Holographic interferometry: A critique of the technique and its potential for biomedical measurements

B. Ovryn, M. T. Manley, L. S. Stern

Research output: Contribution to journalArticlepeer-review

12 Scopus citations


Double-exposure holographic interferometry is a contactless whole-field method. Dimensional changes are visualized as a series of interference fringes overlaid on the holographic image of the femur, where each fringe represents 0.316 μm (half the wavelength of the laser light) of motion. Interferograms for intact femora and for femora with identical geometry prostheses were produced. We have shown that the femur bends as a beam under axial load. The position of maximum deflection is a function of the properties of the composite structure. Under a known load the amount of deflection can be calculated and the effect of the prosthesis's modulus can be ascertained. In addition to bending, rotational effects can be perceived. Although data interpretation is complex and holographic production is costly and time-consuming, the technique holds promise for biomechanical applications as well as other biomedical disciplines.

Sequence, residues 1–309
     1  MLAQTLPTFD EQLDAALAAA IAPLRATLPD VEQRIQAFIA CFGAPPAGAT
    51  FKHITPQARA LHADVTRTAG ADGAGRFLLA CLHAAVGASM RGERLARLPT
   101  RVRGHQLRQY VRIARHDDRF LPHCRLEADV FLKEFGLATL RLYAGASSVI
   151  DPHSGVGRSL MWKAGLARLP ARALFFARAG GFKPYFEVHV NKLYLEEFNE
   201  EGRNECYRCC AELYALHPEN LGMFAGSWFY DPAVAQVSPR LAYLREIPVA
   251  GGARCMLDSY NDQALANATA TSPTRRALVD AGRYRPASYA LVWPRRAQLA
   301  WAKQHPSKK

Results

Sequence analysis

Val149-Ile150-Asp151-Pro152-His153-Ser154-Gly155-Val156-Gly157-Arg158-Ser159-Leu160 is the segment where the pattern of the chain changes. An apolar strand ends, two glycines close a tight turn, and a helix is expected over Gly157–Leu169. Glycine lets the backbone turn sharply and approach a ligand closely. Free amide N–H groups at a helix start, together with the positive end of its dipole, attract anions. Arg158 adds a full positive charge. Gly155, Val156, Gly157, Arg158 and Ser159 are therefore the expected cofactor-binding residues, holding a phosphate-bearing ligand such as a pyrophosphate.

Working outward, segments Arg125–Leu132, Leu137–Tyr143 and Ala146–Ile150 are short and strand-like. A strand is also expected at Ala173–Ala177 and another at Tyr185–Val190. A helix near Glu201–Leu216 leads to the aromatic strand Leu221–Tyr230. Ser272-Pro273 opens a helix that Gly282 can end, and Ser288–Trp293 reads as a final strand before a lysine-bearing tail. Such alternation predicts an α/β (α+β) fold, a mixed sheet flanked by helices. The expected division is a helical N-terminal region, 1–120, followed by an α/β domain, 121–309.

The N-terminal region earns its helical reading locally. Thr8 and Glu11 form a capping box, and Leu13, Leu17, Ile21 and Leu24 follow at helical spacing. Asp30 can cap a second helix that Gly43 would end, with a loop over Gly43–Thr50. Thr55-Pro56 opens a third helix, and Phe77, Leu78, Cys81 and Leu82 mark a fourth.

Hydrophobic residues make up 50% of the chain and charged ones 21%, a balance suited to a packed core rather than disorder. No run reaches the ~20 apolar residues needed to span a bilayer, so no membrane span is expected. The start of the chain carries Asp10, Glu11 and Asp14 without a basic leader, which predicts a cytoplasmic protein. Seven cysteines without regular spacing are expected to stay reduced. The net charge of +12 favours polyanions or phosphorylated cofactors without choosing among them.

Original languageEnglish (US)
Pages (from-to)67-78
Number of pages12
JournalAnnals of Biomedical Engineering
Issue number1
StatePublished - Jan 1987
Externally publishedYes


  • Displacement
  • Double exposure
  • Holographic interferometry
  • Nondestructive testing

ASJC Scopus subject areas

  • Biomedical Engineering


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